“Can you show me another way?”
Multiple representations show students there is more than one correct way to do the math. This is an important message in itself.
Multiple representations also allow students to learn new mathematical concepts and procedures.
For example, division can be thought of as sharing or grouping.
8 ÷ 2 = 4 can be thought of as:
- I have 8 items. I share them equally between 2 people. Each person gets 4 items.
- I have 8 items. I put them in groups of 2. I can make 4 groups.
I prefer the adjective flexible over multiple. Adaptability of, not number of, is what is important.
To learn how to divide integers and fractions, students must be able to visualize both representations.
For example, -8 ÷ 2 can be thought of as sharing equally between 2 groups. Each group contains four negative counters. However, -8 cannot be put in groups of +2.
Alternatively, having a negative number of groups does not make sense. However, -8 can be put into groups of -2.
Think about why 6 ÷ ½ is 12 (without simply applying the invert and multiply rule). Having a fraction for the number of groups doesn’t make sense. However, students can explore how many halves there are in 6 using pattern blocks or number lines.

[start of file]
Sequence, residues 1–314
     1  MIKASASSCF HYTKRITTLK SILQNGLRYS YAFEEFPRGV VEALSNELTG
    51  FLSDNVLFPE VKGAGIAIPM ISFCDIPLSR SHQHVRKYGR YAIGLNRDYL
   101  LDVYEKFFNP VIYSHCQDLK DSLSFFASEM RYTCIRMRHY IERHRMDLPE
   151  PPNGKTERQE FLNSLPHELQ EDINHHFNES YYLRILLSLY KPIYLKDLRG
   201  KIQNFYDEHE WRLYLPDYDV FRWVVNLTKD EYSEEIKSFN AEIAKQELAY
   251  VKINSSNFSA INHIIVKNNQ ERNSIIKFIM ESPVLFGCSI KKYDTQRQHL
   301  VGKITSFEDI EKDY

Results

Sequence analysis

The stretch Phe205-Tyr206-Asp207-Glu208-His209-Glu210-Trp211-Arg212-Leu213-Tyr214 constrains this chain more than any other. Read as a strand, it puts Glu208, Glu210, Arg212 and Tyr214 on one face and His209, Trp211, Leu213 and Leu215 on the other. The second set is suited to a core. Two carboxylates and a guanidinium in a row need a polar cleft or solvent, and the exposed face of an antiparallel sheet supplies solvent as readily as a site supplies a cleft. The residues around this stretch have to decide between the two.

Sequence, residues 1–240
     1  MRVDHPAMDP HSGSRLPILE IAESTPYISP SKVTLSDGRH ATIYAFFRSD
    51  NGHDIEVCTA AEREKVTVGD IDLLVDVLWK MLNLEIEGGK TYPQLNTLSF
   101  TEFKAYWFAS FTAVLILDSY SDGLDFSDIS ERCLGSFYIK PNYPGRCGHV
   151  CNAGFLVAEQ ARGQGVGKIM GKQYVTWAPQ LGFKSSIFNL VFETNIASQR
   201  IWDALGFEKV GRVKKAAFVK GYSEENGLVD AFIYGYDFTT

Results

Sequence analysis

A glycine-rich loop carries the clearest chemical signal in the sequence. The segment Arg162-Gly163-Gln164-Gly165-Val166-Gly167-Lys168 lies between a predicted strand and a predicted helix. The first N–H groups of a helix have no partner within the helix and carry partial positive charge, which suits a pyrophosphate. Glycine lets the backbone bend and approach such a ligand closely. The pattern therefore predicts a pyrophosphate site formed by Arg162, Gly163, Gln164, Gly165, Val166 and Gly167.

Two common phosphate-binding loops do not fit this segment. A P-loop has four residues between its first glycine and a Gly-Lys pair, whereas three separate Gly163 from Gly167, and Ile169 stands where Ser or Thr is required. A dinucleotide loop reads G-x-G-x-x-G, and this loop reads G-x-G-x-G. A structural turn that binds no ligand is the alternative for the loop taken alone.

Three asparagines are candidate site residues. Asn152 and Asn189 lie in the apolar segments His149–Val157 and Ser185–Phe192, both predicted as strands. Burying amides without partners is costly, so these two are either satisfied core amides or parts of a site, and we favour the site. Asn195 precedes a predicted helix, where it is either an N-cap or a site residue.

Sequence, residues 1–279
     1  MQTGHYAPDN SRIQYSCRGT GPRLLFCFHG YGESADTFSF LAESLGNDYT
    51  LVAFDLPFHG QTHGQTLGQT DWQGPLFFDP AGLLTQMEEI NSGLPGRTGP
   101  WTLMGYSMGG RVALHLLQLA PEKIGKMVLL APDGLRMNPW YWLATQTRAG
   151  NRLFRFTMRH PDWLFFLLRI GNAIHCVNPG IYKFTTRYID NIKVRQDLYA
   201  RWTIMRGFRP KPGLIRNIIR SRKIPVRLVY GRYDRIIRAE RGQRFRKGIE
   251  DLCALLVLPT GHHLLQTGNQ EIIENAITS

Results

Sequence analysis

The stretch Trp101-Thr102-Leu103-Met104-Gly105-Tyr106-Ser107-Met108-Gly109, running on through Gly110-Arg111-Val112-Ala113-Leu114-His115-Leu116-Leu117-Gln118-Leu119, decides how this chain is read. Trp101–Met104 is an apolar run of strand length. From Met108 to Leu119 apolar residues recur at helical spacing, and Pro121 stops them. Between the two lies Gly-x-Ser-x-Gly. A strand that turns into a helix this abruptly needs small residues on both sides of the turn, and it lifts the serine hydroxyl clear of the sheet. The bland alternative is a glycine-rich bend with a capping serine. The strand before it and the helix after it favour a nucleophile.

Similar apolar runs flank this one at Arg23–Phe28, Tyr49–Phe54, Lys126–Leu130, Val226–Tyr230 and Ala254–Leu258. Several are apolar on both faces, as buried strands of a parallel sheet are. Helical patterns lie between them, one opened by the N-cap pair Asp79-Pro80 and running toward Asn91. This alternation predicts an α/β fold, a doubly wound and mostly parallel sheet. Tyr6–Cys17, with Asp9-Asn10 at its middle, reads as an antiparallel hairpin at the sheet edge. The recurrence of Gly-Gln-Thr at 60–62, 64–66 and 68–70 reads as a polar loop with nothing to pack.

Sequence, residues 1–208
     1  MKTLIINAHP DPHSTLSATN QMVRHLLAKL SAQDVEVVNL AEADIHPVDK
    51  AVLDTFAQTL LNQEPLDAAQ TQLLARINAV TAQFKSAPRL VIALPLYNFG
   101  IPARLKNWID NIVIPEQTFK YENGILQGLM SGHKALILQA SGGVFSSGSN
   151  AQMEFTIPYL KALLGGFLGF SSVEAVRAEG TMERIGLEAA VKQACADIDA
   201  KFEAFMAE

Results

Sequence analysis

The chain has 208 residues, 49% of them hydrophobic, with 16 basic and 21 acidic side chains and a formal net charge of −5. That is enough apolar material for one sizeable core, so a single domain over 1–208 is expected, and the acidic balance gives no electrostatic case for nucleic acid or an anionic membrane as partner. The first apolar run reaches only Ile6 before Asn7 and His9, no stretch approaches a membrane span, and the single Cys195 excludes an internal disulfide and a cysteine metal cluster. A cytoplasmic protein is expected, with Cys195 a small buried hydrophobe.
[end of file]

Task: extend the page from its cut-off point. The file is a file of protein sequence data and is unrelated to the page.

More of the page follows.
3 × 2 is more than simply 3 groups of 2. An understanding of an area model of multiplication helps students to learn two-digit multiplication.
An understanding of this model will help students make connections between multiplying binomials and multiplying two-digit numbers.
As a secondary department head pointed out a meeting last year, teaching how to multiply binomials may be easier than teaching how to multiply two-digit numbers – in algebra, there isn’t the added complication of place value.
Now if only we would stop using the term FOIL…